We hope. We don’t have to give up hope but sometimes our hopes have to change.
Mary probably hoped to marry Joseph, have some children and have a quiet life in Nazareth. That changed when the angel Gabriel shared the news with her about Jesus. After that she may have hoped Joseph wouldn’t leave her or have her stoned. As Jesus grew she may have hoped he would grow up into a wise and respected rabbi or some other kind of leader. I’m sure she hoped he would outlive her by many years. As she saw the religious and political forces growing against him in his thirties, she probably hoped he would somehow change them or at least escape them.
In the first chapter of the Book of Acts we are told that the disciples were “gathered continually in prayer” waiting as Jesus had told them to. We are told that Mary was there. They weren’t even certain what they were awaiting but they prayed and waited. Mary may have hoped he would show up again in bodily form as he had between the resurrection and the ascension. He had said he would return. Her hopes had to change as the days passed but I doubt that she ever gave up hoping. After all, she was the only one who REALLY knew what happened back there at the beginning and she went from being his mother to being his disciple.
Our hopes may have to change, too. I see this pattern in many hospice patients and I expect I will have it, too. When the diagnosis is new, we hope to be cured and get this behind us. When the doctor says there is no cure or the last treatment option hasn’t worked, we have to change our hopes. We can hope for a long and pain-free time with the illness or condition. We may then be told the disease is gaining on us. We can hope for good care and pain management. Our hope changes but we don’t have to give up hope. We can hope for a final healing as we die and step into our next life with God.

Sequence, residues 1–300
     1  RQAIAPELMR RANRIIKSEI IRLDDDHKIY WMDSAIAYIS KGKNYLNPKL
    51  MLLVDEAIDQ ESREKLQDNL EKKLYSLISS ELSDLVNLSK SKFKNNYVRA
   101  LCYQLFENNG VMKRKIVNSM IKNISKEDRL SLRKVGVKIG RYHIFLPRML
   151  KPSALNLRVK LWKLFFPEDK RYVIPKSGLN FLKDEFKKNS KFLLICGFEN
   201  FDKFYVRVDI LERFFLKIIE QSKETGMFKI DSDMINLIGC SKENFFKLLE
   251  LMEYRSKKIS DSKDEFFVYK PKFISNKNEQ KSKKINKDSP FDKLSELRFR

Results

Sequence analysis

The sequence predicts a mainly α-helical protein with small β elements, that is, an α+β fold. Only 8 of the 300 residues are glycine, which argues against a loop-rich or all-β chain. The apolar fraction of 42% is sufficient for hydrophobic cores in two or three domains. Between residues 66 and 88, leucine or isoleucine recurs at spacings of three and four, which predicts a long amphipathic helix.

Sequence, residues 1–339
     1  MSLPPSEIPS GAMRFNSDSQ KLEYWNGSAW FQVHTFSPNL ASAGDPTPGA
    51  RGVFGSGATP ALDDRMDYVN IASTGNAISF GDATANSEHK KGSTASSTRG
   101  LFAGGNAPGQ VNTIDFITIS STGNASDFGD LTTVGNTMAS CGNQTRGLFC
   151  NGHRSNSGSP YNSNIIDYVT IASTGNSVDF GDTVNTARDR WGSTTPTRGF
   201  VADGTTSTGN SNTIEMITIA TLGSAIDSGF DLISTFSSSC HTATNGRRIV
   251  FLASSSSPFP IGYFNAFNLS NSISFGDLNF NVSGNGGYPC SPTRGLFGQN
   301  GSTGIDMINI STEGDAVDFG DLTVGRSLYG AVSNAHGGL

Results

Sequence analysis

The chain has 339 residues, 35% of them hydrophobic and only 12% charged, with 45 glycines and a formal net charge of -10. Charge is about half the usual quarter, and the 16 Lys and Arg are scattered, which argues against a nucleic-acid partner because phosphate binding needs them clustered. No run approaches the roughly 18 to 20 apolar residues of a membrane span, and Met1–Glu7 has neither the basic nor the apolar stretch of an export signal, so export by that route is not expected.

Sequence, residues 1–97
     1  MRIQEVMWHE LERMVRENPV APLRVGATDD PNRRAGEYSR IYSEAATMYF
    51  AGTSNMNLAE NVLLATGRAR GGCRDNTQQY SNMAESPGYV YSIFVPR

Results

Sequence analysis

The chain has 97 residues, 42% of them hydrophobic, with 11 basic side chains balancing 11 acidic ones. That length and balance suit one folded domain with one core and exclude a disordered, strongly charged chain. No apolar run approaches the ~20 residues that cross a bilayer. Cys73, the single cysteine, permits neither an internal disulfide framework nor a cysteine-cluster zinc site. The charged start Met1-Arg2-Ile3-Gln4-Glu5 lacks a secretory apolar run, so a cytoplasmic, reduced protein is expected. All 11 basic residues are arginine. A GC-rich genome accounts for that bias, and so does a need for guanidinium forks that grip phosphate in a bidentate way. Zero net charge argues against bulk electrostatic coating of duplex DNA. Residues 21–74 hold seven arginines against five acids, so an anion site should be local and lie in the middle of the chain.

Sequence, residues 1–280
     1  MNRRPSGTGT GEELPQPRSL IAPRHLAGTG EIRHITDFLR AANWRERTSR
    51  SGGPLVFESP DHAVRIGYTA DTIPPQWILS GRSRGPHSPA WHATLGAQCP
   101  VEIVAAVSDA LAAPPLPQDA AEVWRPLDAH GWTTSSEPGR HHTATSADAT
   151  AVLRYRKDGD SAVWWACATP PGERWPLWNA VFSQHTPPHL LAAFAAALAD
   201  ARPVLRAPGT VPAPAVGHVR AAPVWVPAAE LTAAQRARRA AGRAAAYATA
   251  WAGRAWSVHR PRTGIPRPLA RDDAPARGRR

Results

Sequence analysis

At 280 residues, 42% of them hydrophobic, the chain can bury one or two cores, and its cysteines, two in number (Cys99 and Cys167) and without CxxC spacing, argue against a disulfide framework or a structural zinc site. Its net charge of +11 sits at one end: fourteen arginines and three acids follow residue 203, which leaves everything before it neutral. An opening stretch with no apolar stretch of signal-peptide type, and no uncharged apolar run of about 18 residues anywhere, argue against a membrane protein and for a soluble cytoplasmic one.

What hopes have you had to change in the past? What hopes do you have for this next year?
Cherry Winkle Moore is a visual artist and a retired hospice chaplain. Cherry has a Master of Fine Arts degree in painting, drawing and printmaking from the University of Alabama. Later she completed a Master of Divinity degree with an emphasis in pastoral care. Cherry sometimes says that in her case the MFA stands for Minister of Fine Arts and the MDiv stands for Making Divine Images Visible.View All Post